very well for them to put such construction upon it; yet do the generality of Catholics---supposing them to be not merely noininally such-liinit themselves within those bounds ?-do they attribute no positive etficacy to the immediate contact of such images ? To reply in the negative would be to contradict daily evidence and experience; why, then, are not some pains taken to extirpate the error which has thus crept into the Romish Church? If, entirely wrested from its original purpose, the use of images is found to lead to a monstrous and universal abuse, the sooner images, relics, and other amulets of that kind are abolished, the better. According to the apologists for them, images, at least, are non-essential-uothing further than incentives to spiritual worship-consequently might safely and consistently be abandoned, when discovered to occasion most serious error. For a serious error assuredly it is to suppose that the touch of a piece of metal can avail any thing; or that a prayer recited before a senseless statue can be more efficacious or more acceptable to heaven than if offered up to the living and omnipresent God, who alone knoweth all our thoughts, and can read our innermost hearts. Dull and sluggish of mind indeed must those be, who cannot fix their thoughts in prayer without having some sensible object before their eyes. But the error, it is to be feared, is not only gross in itself, but also something more than a merely speculative one. Hardly should we find those who are so openly immoral in their general conduct that it is impossible to suspect them of hypocrisy, so frequently display their devotion after this fashion, did they not actually believe that the simple mechanical act of religion was an equivalent for their sins, and that upon such easy terms they can keep a fair debtor and creditor account with heaven. No betier result is to be expected from a practice permitted in direct opposition 10 the expressed will of God himself, who has forbidden the use of “ “graven images,” declaring that he his a "jealous God," and claims the whole of our worship.-Pp. 305-307.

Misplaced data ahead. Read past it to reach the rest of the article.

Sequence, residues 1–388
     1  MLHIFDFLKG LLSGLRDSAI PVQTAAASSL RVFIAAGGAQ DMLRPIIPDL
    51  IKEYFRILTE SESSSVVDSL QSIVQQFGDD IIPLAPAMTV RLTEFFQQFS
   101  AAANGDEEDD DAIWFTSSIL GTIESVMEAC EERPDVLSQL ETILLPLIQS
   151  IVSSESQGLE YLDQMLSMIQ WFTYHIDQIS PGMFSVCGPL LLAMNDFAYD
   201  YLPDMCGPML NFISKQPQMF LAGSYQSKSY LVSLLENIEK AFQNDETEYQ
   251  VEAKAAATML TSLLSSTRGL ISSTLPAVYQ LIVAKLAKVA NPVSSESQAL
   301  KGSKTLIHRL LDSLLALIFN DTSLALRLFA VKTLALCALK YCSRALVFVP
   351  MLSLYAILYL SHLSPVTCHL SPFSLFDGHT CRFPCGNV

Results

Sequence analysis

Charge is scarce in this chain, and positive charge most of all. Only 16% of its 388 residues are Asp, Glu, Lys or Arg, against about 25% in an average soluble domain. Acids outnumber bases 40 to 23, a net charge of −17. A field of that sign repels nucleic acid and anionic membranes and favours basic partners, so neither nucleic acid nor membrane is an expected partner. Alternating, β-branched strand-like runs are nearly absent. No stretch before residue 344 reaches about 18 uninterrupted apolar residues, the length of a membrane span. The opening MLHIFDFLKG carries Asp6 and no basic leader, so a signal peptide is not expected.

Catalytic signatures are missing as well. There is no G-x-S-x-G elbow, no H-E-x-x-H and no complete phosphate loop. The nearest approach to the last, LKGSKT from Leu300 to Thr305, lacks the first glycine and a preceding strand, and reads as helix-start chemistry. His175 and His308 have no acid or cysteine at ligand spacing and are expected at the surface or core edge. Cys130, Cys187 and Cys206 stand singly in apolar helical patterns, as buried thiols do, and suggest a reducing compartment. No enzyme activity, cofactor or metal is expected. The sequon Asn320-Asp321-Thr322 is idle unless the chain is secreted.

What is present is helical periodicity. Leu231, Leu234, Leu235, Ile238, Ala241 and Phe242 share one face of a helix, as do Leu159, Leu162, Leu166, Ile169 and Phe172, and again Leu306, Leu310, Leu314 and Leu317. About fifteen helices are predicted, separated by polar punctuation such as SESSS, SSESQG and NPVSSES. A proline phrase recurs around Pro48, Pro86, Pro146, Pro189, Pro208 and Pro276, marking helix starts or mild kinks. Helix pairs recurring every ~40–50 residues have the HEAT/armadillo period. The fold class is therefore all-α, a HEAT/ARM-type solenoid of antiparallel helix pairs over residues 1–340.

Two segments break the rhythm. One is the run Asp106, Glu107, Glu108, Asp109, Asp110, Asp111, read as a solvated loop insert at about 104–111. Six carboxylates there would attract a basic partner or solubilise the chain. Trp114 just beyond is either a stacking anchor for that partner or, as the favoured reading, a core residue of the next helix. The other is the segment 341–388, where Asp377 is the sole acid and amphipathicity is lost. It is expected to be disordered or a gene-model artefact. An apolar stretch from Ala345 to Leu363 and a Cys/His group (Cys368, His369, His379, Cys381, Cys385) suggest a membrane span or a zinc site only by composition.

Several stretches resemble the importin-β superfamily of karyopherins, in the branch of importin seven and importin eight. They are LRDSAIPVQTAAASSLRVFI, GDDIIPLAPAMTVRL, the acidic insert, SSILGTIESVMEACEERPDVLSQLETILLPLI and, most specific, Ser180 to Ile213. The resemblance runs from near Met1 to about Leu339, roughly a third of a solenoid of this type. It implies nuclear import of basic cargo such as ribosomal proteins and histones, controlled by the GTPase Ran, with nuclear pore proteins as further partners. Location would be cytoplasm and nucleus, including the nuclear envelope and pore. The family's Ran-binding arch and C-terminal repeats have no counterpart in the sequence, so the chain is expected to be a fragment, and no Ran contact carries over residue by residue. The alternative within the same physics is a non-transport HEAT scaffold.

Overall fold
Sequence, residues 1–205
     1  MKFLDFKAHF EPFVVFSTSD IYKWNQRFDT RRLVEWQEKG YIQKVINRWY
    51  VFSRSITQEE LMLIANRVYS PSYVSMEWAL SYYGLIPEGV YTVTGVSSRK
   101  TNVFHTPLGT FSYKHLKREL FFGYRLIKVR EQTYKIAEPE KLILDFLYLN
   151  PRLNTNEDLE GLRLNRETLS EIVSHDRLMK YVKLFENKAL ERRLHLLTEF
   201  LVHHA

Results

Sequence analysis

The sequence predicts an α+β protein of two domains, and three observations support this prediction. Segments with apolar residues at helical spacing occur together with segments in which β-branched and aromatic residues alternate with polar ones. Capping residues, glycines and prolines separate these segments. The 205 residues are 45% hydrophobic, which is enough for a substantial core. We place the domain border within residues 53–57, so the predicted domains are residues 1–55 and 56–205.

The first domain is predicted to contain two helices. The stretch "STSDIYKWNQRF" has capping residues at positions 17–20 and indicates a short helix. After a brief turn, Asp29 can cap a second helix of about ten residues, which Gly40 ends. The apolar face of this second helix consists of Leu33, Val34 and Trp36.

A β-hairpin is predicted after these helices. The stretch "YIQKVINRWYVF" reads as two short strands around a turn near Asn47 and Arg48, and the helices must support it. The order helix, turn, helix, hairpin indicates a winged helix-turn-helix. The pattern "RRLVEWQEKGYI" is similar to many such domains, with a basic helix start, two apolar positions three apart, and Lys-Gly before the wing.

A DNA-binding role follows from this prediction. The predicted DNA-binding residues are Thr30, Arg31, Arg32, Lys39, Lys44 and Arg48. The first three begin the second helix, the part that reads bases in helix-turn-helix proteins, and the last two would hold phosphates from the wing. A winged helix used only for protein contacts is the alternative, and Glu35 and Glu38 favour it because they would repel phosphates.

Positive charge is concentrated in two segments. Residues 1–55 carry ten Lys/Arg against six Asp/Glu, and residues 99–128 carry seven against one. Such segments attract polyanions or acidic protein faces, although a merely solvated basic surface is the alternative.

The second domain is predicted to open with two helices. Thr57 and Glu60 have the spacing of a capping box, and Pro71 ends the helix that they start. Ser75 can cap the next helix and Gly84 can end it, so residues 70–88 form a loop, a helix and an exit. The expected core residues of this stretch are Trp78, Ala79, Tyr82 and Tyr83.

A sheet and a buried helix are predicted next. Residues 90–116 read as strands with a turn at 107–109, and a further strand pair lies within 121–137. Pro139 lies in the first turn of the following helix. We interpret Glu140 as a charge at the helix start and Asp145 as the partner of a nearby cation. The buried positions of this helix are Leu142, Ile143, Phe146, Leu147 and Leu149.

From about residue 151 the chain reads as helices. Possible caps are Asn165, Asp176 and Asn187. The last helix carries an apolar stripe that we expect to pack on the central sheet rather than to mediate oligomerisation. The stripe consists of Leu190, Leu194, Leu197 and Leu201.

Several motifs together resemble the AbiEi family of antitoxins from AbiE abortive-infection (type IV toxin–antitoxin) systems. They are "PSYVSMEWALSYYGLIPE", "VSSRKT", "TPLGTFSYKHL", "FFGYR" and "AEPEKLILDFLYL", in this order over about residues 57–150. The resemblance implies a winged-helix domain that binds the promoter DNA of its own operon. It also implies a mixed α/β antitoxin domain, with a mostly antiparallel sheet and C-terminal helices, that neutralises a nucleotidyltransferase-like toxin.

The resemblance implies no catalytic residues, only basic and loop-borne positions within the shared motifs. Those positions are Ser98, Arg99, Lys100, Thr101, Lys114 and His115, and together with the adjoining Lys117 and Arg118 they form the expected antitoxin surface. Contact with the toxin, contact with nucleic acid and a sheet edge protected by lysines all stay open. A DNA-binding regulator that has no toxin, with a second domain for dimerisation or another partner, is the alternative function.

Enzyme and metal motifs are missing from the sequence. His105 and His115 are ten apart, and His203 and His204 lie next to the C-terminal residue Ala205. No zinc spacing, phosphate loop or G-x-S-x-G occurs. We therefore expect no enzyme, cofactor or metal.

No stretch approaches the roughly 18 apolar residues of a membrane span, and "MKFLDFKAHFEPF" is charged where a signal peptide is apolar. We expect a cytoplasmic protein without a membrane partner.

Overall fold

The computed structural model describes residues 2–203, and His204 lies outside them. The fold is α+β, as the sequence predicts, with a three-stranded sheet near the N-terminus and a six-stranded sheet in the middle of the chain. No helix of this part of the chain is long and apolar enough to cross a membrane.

In the course of a very lively and interesting description of the ceremonies of the Holy Week, Mr. Wilson mentions that of washing the feet of the representatives of the apostles, on which he makes some very sensible observations.
Seated together in a row were the representatives of the apostles, one of whom was of truculent bandit-like aspect, being intended, as we were informed, to personate Judas. They were all dressed in gowns of fiue flannel, with silk sashes round their waists, and had white caps and shoes. Each of them in turn bared one of his feet, which was just wetted, in a kind of dish, and then wiped dry and kissed by the Pope. This piece of pompous humility on the part of the Holy Father is any thing but editying; most remote, in fact, from the christian virtue it is intended to show forth. It looks like soniething studiedly forced and unnatural, being altogether inconsistent with modern usages. At the best it can be considered in no other light than that of a piece of state etiquette of the Popes; a mere form, quite as flattering to their pride as to any better feeling. Among the successors of St. Peter the world has seen many Judases, who, no doubt, performed such solemn act of bumiliation without the least violence to their feelings, their haughtiness, and their arrogance.
It costs us very little to be humble, when we are assured that, so far from thereby incurring the sneers and contempt of the world, we shall gain its admiration ; for which reason, I cannot help thinking that those Roman ladies of rank who, in imitation of the Holy Father, officiously display their devotion by wasning the feet of pilgrims, undertake an office of very questionable merit. To relieve the necessitous by actual services and assistance; to do works of piety that have some real beneficial object in view ; to edify others both by our counsel and our conduct; and to strive to exbibit the christian graces in the general tenor of our lives;- this is to imitate the Saviour worthily: not so when we play, upon some particular occasion, a merely assumed part ; where what, under different circumstances, might be humility, is to procure us distioction. There is one convent in particular at Rome where this farce (I was going to term it) of feet washing is carried on during this season to a great extent:-princesses, duchesses, and other dames of bigh rank and title, repair thither to show off their excess of humility, or else to do penance for their every day pride — Pp. 321, 322.